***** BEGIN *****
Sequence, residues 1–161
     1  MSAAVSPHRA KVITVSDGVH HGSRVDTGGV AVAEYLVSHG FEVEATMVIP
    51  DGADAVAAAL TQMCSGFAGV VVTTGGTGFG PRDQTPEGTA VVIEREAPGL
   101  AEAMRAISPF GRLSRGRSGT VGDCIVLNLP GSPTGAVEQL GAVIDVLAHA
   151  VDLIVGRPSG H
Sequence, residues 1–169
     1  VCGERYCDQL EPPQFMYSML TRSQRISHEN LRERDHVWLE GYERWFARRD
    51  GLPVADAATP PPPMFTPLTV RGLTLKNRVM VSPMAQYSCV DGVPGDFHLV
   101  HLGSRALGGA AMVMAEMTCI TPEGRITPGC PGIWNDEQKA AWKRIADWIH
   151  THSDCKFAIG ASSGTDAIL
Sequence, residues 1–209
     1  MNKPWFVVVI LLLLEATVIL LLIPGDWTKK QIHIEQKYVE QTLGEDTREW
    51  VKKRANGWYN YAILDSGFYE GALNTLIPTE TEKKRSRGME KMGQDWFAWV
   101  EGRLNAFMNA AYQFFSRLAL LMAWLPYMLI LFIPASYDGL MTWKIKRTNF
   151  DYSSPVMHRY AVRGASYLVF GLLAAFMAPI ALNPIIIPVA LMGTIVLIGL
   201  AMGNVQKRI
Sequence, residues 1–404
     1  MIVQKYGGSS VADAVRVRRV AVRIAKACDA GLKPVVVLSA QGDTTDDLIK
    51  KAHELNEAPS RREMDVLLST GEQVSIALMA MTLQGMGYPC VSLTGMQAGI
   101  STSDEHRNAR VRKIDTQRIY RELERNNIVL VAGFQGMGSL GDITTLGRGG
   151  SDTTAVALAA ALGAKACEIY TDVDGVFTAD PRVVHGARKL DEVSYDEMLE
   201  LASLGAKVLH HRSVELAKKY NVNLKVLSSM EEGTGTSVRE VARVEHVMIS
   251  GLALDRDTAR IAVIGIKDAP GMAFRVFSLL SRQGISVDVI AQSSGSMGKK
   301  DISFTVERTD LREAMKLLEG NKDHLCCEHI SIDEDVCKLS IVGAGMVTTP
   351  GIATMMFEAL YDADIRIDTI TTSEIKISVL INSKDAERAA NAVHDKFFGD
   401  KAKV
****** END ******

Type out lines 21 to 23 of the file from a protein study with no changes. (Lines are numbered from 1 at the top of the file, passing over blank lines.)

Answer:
   151  SDTTAVALAA ALGAKACEIY TDVDGVFTAD PRVVHGARKL DEVSYDEMLE
   201  LASLGAKVLH HRSVELAKKY NVNLKVLSSM EEGTGTSVRE VARVEHVMIS
   251  GLALDRDTAR IAVIGIKDAP GMAFRVFSLL SRQGISVDVI AQSSGSMGKK